Pansies have played a starring role in gardens around the world since they were first developed in the 1800s by an English gardener. Originally called Heartsease, pansies were created by crossing different members of the viola family until a plant appeared that produced large flowers with blotched faces. The very first pansy variety was called ‘Medora’. Today, there are more than 300 different varieties of pansy in a rainbow of colors that range from orange, white, purple, violet, red, mauve, yellow, blue, and black. Bloom size varies from a 1/2 inch to 3 inches wide. And, pansy flowers feature a mix of looks: blotched “faces,” solid-color petals, ruffle-edge petals, and vintage-style types with delicate pencil edging.
Pansies are a lot easier than you might think. These low-growing beauties actually prefer cool weather, and some varieties bloom all winter long, even occasionally sending up a flower through snow. The trick is to plant them in fall or early spring when the weather is cool and moist.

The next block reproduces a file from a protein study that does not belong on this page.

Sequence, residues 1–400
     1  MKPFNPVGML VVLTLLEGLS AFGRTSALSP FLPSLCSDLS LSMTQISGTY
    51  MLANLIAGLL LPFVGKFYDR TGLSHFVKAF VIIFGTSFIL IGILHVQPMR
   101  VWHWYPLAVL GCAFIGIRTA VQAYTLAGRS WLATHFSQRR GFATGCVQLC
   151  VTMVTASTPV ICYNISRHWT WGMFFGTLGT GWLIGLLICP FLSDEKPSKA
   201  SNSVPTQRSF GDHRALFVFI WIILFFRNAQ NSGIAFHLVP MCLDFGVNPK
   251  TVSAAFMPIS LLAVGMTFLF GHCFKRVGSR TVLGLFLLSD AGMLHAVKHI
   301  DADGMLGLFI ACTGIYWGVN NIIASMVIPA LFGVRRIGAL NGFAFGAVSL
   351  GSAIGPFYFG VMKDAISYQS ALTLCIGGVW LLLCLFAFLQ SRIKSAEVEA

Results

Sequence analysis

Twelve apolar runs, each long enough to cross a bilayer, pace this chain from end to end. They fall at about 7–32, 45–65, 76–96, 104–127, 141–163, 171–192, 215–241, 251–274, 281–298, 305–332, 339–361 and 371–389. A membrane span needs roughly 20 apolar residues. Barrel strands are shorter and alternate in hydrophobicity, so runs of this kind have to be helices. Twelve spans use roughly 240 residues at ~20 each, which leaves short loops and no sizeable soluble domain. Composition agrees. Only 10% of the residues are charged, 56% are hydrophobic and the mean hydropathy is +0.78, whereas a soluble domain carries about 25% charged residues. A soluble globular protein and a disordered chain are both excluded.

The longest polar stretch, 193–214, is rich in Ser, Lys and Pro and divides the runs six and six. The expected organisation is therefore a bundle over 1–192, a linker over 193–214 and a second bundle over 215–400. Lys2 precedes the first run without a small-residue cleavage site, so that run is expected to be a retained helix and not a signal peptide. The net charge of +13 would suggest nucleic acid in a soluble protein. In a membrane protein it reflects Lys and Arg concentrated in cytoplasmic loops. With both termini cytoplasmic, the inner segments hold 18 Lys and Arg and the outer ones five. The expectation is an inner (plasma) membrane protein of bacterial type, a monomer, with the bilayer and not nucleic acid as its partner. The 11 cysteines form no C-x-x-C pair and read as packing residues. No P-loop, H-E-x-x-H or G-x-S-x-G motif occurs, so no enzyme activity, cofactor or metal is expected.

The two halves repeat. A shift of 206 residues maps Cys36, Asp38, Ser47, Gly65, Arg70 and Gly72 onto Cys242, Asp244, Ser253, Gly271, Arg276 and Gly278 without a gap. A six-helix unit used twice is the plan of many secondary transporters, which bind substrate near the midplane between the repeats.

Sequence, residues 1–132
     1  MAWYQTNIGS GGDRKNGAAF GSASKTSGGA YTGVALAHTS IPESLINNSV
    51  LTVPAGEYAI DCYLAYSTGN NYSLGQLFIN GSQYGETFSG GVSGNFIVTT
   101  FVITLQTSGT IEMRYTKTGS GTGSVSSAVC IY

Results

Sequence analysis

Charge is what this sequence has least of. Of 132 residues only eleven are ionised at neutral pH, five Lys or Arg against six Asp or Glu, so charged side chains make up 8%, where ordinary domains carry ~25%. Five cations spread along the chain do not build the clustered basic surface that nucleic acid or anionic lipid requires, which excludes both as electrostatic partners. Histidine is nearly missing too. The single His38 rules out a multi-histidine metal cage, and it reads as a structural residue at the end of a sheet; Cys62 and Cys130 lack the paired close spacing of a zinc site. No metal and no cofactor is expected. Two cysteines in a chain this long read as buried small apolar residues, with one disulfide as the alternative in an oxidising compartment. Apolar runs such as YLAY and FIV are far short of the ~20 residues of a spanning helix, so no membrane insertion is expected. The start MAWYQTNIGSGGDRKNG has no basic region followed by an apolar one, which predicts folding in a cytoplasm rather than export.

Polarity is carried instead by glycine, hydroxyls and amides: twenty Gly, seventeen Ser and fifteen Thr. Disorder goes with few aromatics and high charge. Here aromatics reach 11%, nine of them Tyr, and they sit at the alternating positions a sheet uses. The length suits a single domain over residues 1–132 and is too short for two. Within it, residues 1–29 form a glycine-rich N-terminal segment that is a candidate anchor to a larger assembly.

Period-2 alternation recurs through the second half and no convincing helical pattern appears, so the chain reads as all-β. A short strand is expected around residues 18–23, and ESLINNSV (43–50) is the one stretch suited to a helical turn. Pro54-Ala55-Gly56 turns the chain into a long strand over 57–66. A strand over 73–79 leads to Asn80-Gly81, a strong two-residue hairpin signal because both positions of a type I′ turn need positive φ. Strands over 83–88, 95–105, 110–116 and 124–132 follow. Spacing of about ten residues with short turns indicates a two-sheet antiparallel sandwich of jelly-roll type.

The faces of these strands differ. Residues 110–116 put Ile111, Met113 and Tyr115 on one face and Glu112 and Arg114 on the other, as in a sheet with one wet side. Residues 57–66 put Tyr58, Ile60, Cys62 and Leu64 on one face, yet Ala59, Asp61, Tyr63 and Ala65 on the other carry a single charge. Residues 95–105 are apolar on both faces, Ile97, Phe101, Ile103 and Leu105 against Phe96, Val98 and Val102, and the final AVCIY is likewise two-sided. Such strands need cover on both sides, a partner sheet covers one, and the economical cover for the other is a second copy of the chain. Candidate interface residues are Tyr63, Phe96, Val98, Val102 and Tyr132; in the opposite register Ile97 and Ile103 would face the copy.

Although you can grow pansies from seed, it’s much easier to buy young plants in pots or flats at your local garden center. Look for short, stocky plants with bright green foliage. Avoid tall, leggy pansies. A healthy plant should look like its ready to burst into bloom.
In the past few years, trailing of pansies have also become available. These vigorous plants can spread up to 2 feet and are ideal for hanging baskets or window boxes. They also make excellent “spillers” planted at the edge of large planters.
Once hot weather arrives, most pansies will shrivel and die. Otherwise, all they need is a sunny to partially sunny location and rich, slightly moist soil. Pansies are extremely healthy, and aren’t affected by most pests and diseases. However, slugs may find them tasty; apply an organic slug bait if you find them dining on your plants.
To increase pansies’ flower production, remove the faded flowers as they appear. This promotes a constant supply of new blooms.
See some of my favorite cool-season annuals to plant with pansies.